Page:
Who was this chapter written for?
This Chapter was written for Forensic Psychologists working with neurodivergent people in prisons. Drawing on a proposal by Judy Singer, the authors agree that that there is nothing inherently disabling about ADHD, Autism, Dyslexia, Dyspraxia, and that diversity in the way we think is a natural feature for humans.

Problems with umbrella terms
We noted that the UK Criminal Justice Joint Inspectorate Neurodiversity Review (CJJI, 2021) used Neurodiversity as an umbrella term referring to the group of conditions falling under the category of neurodevelopmental disorders (NDDs). We suggested it is better to use ‘neurominorities’ or ‘neurodivergence’ as umbrella titles, because neurodiversity itself includes everyone. There are more neurominorities in prison than there should be, considering how many there are in the population in general. This means that Forensic Psychologists should be aware that lots of people in their care may be neurodivergent, as the following summary shows:

(CJJI, 2021) Over 50% of the prison UK population is dyslexic.
(McNamara, 2012) Up to 80% of people in a UK prison have some kind of speech, language or communication difficulty.
(Young et al., 2018) Approximately one quarter of people in prison in the UK would meet diagnostic criteria for ADHD.
(CJJI, 2021) Approximately 5-7% of those meeting Liaison and Diversion services in the UK have Autistic traits, with around 16-19% of those in prison showing signs of Autism.
(Prison Reform Trust, 2021) Approximately 34% of people in custody in the UK have a Mild Intellectual Disability (MID) or Borderline Intellectual Functioning (BIF).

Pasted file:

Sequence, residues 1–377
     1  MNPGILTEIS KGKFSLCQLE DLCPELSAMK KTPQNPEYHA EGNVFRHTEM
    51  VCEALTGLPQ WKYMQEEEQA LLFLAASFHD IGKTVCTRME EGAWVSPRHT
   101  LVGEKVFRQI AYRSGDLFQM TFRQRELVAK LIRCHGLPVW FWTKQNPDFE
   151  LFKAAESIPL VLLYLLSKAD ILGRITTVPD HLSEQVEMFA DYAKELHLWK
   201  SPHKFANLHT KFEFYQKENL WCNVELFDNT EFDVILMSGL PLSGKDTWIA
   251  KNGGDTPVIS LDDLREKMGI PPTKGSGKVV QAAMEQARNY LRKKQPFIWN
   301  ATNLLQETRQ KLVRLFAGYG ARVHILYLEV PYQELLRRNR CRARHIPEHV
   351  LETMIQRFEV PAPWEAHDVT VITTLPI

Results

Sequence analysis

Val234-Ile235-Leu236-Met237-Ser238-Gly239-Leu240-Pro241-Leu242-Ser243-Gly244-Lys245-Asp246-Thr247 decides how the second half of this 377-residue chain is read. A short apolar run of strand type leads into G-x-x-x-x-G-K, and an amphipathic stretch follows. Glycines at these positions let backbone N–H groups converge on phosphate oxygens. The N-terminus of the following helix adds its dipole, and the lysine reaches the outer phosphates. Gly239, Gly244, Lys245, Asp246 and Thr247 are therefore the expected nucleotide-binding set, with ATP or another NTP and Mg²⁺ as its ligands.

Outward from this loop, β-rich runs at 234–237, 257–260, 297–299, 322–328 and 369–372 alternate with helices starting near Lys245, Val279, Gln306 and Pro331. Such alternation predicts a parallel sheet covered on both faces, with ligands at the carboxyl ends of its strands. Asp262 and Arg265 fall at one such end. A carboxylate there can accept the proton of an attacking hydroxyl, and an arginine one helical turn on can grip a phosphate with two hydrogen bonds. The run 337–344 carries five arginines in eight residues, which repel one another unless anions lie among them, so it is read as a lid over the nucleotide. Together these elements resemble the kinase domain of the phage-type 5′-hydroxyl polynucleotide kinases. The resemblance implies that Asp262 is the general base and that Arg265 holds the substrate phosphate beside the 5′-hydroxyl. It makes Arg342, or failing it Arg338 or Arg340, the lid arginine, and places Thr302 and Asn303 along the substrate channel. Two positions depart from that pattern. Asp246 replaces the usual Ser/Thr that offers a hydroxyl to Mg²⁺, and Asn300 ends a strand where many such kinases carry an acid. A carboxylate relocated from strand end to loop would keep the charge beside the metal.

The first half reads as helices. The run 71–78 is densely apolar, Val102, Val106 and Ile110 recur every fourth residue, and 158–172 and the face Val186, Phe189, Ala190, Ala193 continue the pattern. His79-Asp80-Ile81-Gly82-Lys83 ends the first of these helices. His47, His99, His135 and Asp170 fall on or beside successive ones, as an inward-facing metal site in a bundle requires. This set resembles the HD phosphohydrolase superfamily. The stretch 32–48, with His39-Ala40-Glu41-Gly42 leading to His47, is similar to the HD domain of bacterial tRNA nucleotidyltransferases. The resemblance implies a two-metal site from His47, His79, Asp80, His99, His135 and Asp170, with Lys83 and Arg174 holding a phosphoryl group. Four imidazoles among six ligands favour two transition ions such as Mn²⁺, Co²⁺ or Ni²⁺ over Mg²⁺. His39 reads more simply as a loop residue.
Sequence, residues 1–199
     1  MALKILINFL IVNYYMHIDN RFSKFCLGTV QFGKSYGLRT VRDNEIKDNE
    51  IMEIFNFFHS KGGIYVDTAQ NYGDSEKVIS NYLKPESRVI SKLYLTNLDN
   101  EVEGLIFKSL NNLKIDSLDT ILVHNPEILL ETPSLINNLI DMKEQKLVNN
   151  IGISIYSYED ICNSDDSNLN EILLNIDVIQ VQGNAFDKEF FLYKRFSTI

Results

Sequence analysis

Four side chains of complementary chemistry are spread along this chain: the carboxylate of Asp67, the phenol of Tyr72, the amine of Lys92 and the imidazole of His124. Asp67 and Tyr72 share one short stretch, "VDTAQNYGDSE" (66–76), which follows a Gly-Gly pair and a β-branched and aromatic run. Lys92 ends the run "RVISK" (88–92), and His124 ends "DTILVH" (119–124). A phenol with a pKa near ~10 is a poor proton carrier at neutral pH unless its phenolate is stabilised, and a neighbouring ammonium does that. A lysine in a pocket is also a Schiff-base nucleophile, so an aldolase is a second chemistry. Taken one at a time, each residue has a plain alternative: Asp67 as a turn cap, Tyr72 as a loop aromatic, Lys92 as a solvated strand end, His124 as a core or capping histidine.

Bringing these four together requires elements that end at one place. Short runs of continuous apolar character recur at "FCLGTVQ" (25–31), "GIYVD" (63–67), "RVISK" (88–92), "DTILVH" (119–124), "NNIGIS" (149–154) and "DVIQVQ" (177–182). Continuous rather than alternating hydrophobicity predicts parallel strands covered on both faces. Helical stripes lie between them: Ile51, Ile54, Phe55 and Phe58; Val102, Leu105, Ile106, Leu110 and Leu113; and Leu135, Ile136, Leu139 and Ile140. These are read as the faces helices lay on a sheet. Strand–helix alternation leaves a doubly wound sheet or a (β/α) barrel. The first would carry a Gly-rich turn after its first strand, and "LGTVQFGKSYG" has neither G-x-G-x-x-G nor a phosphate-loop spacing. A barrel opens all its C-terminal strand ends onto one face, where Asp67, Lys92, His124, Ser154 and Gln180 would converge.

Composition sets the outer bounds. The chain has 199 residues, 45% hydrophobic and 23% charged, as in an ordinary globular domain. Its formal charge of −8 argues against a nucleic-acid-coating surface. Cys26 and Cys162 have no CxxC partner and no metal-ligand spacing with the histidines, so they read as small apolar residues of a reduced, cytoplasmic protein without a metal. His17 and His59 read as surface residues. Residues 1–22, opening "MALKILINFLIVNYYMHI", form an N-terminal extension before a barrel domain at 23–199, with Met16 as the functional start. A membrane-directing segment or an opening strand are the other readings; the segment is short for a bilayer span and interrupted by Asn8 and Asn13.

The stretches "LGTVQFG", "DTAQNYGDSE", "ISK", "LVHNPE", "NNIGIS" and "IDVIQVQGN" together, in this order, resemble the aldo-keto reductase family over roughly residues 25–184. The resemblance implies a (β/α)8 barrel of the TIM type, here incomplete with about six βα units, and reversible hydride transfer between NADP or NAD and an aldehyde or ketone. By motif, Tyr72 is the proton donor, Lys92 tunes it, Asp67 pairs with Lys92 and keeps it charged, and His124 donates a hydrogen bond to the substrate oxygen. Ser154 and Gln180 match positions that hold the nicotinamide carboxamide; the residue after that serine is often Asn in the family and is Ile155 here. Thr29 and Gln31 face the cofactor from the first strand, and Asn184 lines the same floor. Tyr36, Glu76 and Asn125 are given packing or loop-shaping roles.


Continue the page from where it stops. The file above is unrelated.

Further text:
(Prison Reform Trust, 2021) 49% of women and 23% of men in custody in the UK have been diagnosed with anxiety or depression.
(Shiroma et al., 2010)


Estimated brain injuries amongst Criminal Justice System populations vary significantly based on the populations being studied and the assessment method, but analysis of international studies suggests that rates of brain injury in convicted populations is approximately 60%.

Many neurodivergent people in prisons do not know that they are neurodivergent, or don’t have a diagnosis. Does this mean that Forensic Psychologists should try to make diagnoses using specialist tests? We explained that neuropsychology is not finding strong evidence for neurominorities as separate diagnoses. In fact, there is more in common across the different conditions than there are features to separate them. Because of this, it is hard to make accurate diagnoses.

We also explained that diagnosis is made difficult because of intersecting identities, such as those in this table, which are affected by biased definitions and tests:

  • Definitions, tests and questionnaires make it easier for boys to be diagnosed. This is because they ask for examples of behaviour that is more normal for boys.
  • Also, girls get stronger messages about sitting still, being sociable, reading and writing. Boys get stronger messages about being physically active and good at maths.
  • Transgender communities have fewer differences between male and female diagnosis rates.
Race and Ethnicity
  • Definitions, tests and questionnaires make it easier for white people to be diagnosed. This is because they are based on things that are more usual for white people, such as the way we make eye contact and talk.
  • It is also because teachers, psychologists and medics are already making too many snap judgements about people from non-white communities, such as Black people, Roma people, Asian people. They are often seeing white people as less ‘difficult’ and calmer, so they think if there is a difficulty, it must be medical, whereas for Black or Brown people they are assumed to be ‘bad’.
  • Wealthy families can afford private diagnosis and are more likely to be diagnosed if they need to.
  • Wealthy families can afford private tutors and private schools so their children are less likely to need help at school.